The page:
Surveillance is most effective when augmented with other surveillance activities being implemented such as electronic laboratory reporting, geographical information systems (GIS), animal health monitoring, ambulance runs, poison control data, and over-the-counter drug surveillance systems (Overhage et al., 2008). Incidence surveillance for HIV infection has been adopted as a component of the existing national HIV/AIDS reporting system which covers 22 states. The ability to identify new from long-standing cases of HIV-infection aids in determining if there has been a shift in population subgroups at risk because of changes in risk factor patterns and if disparities in health care or access to health care. The new system confirmed that the majority of new cases (72%) continued to be among men having sex with men. The HIV incident surveillance system has identified an increasing disparity in the incidence of HIV. The rate among black males 13–29 years was found to be 7.1 times higher than comparable age white males. Among black females, the incidence rate was 14 times the rate in white females (Prejean et al., 2008). These data stress the need for both more preventive efforts as well as improving access to care for high risk groups. Syndromic surveillance has been found particularly useful in detecting and monitoring annual outbreaks of influenza, norovirus, and rotavirus (Balter et al., 2005). Syndromic surveillance systems in “high-profile” urban areas can also provide a reassurance during heightened terror or other security alert situations to provide reassurance to the public that a certain condition or exposure (e.g., anthrax) is not present. Chronic disease surveillance in the USA utilizes 92 indicators from nine data sources (Pelletier et al., 2005). With increased data capacities and cross-walks among data systems, the use of multiple indicators in surveillance to monitor progress in achieving disease control is desirable.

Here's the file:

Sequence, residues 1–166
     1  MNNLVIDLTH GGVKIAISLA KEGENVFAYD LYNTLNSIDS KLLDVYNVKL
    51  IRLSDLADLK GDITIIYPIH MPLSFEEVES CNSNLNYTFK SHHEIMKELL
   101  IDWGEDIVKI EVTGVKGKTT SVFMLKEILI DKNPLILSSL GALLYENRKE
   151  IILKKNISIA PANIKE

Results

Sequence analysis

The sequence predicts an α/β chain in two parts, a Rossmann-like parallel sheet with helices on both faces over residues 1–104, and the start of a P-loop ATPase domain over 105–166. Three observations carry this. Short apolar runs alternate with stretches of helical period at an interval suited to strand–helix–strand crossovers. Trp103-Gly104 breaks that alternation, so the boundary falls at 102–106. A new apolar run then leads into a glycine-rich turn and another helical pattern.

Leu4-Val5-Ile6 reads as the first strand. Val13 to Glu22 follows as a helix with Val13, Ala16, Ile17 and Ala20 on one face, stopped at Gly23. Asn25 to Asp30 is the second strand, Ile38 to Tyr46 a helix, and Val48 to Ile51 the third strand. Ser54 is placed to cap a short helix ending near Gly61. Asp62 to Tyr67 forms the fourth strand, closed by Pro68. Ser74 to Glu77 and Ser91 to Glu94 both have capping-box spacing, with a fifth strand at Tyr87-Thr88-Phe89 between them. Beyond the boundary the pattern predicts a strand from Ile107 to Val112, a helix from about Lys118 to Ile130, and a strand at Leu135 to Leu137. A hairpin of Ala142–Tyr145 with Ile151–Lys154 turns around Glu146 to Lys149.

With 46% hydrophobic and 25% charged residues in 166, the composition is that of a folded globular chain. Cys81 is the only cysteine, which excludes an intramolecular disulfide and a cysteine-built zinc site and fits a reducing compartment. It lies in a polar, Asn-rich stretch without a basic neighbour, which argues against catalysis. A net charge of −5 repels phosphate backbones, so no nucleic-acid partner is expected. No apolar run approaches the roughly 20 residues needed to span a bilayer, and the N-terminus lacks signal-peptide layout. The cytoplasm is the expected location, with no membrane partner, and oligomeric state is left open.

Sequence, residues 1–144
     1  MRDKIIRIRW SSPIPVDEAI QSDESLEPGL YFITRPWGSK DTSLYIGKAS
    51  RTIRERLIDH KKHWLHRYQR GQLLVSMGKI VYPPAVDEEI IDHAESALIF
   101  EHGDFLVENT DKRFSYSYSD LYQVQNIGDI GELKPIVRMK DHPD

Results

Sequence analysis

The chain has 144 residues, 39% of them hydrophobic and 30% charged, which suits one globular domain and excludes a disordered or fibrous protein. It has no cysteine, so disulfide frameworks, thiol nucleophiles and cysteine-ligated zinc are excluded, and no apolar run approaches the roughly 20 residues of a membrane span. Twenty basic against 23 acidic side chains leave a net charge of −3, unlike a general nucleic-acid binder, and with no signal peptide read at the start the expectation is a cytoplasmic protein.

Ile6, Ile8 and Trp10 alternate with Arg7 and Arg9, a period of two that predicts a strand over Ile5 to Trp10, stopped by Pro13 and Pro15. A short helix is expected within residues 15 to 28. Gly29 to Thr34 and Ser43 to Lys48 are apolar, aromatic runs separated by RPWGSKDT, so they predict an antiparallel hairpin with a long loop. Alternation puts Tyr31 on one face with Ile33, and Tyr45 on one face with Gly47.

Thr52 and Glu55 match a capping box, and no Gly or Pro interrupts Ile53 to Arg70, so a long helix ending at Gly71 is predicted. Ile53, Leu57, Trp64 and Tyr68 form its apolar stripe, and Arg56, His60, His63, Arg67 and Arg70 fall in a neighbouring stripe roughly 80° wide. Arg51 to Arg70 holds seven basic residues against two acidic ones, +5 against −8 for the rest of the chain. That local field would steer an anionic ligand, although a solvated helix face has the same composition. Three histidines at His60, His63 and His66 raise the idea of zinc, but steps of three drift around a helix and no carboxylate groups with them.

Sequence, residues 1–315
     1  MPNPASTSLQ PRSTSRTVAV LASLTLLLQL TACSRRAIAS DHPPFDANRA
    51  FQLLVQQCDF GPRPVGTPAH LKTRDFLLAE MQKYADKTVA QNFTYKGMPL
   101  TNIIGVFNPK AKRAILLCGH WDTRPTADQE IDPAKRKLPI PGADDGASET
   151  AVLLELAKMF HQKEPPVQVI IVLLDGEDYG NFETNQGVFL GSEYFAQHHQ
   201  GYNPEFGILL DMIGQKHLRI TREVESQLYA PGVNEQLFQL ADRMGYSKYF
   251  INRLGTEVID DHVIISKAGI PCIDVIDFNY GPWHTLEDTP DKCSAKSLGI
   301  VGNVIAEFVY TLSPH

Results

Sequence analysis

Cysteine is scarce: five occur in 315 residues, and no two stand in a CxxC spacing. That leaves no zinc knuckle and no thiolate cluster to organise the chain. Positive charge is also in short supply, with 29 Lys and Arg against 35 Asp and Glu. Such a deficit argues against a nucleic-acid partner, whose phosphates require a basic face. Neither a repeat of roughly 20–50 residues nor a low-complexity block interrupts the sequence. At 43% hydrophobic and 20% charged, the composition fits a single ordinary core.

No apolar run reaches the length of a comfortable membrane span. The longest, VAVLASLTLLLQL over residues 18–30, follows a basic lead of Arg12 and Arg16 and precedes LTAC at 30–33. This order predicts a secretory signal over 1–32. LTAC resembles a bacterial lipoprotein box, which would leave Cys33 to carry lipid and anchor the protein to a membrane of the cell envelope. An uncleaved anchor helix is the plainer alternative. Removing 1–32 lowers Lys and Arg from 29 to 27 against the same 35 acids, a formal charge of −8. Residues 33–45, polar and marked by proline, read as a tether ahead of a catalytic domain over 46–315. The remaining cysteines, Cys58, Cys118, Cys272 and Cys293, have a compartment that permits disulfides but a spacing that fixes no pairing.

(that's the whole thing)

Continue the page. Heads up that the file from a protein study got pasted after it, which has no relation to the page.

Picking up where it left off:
5.3.5 Challenges Encountered with Surveillance Systems

The main challenge in implementing and maintaining a surveillance system is the cost. Cost categories include: personnel, operating costs, transportation, laboratory materials and supplies, intervention costs, communications costs, and capital equipment. The Centers for Disease Control and Prevention has developed a spreadsheet-based software, SurvCost, for estimating the cost resources involved operating a surveillance system. The program files and system specifications for use are available at: